A half mile down the road, Pete Mohs, publisher of the Brainerd Dispatch, said his staff works hard to be fair. In a small town, where you run into your readers in the grocery store, he said you really don't have a choice.
He offered an example of a proposed highway bypass around Pequot Lakes, Minn., a couple years ago, that really divided the community.
"And we would measure pro and against to make sure we were fair on this, and make sure we had sources on each side," he said. "We watched our coverage to make sure it wouldn't be slanted to one side."
Editor Matt Erickson said most complaints he gets aren't about local reporting, but over the op-ed pages, which feature columnists from the Washington Post and Chicago Tribune.
"I think that's where the biggest complaint is," he said. "They might not like what they're reading on our opinion page. Well that turns out to be the whole paper then takes that hit."
Last week the paper stopped running USA Today to create more space for local news. Some readers had also complained of liberal bias in the USA Today stories.
Historically, Republicans have shown less trust in the news media. But the gap between how conservatives and liberals view the press has never been greater.
The Pew Research Center, which has studied Americans' views of the media for decades, has asked the public about the media's job as a "watchdog" since the Reagan era.
"Whether it's a valuable role for the news media to keep an eye on political leaders and criticize actions if necessary, because it keeps them in line, or is it not worthwhile because it gets in the way of doing their jobs," explained Amy Mitchell, Pew's journalism director.
Last year an equal number of Republicans and Democrats, about 75 percent, supported that role. Since the election, that's shifted dramatically.
"We have over history seen some political gaps, depending on the party in power," said Mitchell. "But we have now hit in 2017 a 47-percentage point gap between Democrats and Republicans in support for the watchdog role."
The greatest gap previously identified was 28 percent during the George W. Bush presidency, Mitchell said.
"I did not like the way the media seemed very biased toward Hillary and giving her a lot of coverage, and giving Bernie almost no coverage at all," said Kathy Gilchrist, who does internet marketing from her home in Pequot Lakes, north of Brainerd.
She said she used to get most of her news from CNN and other mainstream media but became disillusioned when she wasn't seeing stories about people or issues she cared about, like Sanders, or the Standing Rock oil pipeline protests.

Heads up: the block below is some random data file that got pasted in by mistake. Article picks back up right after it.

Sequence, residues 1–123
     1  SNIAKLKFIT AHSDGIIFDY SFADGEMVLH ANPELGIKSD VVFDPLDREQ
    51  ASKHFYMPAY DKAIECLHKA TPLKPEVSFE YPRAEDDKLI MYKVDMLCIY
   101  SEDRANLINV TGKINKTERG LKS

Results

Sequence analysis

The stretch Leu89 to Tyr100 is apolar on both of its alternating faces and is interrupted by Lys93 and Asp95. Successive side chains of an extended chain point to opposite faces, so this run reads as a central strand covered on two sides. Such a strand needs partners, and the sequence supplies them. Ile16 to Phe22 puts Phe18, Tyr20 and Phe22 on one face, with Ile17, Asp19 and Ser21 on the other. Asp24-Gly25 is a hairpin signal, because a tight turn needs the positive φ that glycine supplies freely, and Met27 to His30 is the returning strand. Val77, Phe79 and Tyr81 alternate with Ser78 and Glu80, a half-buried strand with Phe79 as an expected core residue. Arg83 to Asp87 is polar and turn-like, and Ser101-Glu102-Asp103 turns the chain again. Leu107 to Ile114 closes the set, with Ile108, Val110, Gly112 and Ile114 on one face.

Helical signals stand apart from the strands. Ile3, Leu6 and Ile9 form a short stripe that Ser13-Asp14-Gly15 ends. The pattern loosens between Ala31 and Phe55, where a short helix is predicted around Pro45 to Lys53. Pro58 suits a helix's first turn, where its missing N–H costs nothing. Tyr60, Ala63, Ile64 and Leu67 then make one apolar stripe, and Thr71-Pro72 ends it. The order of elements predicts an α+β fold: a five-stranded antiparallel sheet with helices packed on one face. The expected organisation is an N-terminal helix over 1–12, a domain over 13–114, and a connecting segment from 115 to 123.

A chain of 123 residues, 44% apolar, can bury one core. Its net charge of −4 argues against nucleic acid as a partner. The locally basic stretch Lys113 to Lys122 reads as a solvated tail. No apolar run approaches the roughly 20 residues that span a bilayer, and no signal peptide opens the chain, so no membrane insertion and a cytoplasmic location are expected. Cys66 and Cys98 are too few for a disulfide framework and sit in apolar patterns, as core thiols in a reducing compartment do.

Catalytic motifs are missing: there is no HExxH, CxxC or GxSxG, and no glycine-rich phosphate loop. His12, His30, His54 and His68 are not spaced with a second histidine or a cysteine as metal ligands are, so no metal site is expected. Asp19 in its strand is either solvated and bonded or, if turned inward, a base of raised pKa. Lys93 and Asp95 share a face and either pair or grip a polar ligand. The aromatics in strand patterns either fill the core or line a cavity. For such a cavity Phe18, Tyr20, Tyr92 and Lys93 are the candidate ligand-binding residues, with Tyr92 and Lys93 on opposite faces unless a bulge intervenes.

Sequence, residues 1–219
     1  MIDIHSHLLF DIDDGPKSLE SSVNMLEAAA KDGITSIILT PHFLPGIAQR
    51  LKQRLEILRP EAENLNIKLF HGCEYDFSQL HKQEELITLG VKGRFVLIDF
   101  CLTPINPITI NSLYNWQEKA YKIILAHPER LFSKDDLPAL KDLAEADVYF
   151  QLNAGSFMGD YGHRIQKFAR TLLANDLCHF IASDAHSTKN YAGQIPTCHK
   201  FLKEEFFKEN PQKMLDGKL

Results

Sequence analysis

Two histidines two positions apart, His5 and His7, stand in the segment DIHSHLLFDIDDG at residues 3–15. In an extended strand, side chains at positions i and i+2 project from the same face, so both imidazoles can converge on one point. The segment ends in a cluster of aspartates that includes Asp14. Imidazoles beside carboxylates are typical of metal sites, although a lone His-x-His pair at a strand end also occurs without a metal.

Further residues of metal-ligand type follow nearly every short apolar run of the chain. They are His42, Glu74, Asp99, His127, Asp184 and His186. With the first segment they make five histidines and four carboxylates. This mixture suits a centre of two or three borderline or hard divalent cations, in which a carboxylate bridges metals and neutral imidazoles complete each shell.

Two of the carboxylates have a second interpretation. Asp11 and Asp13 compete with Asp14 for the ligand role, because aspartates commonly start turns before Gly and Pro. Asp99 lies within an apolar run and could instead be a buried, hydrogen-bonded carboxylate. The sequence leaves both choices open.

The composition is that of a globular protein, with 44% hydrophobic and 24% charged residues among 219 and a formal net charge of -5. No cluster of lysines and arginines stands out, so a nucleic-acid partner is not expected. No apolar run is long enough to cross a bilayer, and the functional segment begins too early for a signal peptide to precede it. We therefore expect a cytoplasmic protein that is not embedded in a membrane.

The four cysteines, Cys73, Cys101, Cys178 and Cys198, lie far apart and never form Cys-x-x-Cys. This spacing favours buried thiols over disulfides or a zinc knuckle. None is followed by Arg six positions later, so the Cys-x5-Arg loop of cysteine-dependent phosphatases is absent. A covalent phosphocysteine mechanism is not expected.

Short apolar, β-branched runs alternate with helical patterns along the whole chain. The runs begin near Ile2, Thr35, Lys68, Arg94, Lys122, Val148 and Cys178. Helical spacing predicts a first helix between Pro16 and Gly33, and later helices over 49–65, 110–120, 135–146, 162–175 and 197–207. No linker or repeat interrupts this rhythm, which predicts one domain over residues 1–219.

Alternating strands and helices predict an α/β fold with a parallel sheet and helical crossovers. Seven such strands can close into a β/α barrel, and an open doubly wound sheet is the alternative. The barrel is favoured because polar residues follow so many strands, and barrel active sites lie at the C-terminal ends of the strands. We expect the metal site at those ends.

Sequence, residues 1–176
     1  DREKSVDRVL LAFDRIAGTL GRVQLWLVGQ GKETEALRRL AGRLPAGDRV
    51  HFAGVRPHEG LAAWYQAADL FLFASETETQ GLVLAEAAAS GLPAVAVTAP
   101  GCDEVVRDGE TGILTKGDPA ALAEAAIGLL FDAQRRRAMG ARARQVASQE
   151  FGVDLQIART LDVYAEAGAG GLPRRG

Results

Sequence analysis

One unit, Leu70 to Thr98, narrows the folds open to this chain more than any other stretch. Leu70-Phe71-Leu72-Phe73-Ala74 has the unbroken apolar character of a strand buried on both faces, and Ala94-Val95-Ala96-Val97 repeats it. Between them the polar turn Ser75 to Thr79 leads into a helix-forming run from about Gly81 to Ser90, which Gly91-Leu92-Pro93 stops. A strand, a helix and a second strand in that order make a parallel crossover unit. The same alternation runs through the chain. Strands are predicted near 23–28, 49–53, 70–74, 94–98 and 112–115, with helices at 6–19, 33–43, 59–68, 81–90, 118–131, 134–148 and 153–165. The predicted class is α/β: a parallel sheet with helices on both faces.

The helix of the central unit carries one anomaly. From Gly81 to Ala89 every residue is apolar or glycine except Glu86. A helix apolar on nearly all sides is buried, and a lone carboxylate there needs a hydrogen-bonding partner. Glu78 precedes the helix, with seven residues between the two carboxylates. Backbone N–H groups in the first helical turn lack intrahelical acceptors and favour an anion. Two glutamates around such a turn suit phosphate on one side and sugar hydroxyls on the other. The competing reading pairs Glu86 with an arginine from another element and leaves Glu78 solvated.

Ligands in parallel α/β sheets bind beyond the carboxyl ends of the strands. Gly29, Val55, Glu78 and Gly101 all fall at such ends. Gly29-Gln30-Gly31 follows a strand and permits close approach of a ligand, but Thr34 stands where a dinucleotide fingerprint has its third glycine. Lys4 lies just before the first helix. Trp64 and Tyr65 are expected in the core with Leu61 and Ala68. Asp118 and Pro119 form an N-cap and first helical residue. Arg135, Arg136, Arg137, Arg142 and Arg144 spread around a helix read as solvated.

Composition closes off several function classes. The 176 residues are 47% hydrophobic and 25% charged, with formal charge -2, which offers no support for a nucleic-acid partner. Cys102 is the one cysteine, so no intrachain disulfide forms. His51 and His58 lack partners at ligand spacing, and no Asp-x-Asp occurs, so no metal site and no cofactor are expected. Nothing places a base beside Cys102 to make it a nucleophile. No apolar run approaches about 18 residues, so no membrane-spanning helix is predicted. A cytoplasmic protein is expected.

"I had not realized previously that they were not telling the whole story, how much they were editing it down to fit a narrative that they were trying to push, or protect either their corporate owners, or corporate advertisers," she said. "I hadn't realized that before probably about two years ago."
Now, Gilchrist gets almost all her news from independent sources online, like The Young Turks, a nightly news show on YouTube that some have called a Breitbart of the left.
Cindy Rugeley, a political science professor at the University of Minnesota Duluth, and a former newspaper reporter, said just because the public says they don't trust the media, doesn't mean they still don't rely on certain media outlets.
"I think if you talk to them, they'll say, 'I don't like the media, but I do like this one!' It's like Congress, 'I don't like Congress, but I like my guy,'" Rugeley said. "I think you see the same thing when they're talking about the media. And it's not healthy."
Pew Research has also found a growing polarization between where conservatives and liberals get their news. Immediately after the election, Mitchell said, a survey found 40 percent of Trump voters named Fox News as their primary source of election coverage. Democrats named a variety of sources, with CNN leading at 18 percent.
That means many people, said Rugeley at the University of Minnesota Duluth, now never have to hear opinions they disagree with.
"In a democracy that depends so much on deliberation and discussion and even compromise," she said, "when you have this, it raises the question are we hurting ourselves?"
Craig Helmstetter, Andi Egbert and Kassira Absar of the APM Research Lab contributed to this report.
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Read the full survey and detailed analysis by the APM Research Lab.
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Correction (Nov. 14, 2017): A previous version of this story incorrectly reported the reason the Brainerd Dispatch decided to stop running USA Today content. The story has been updated.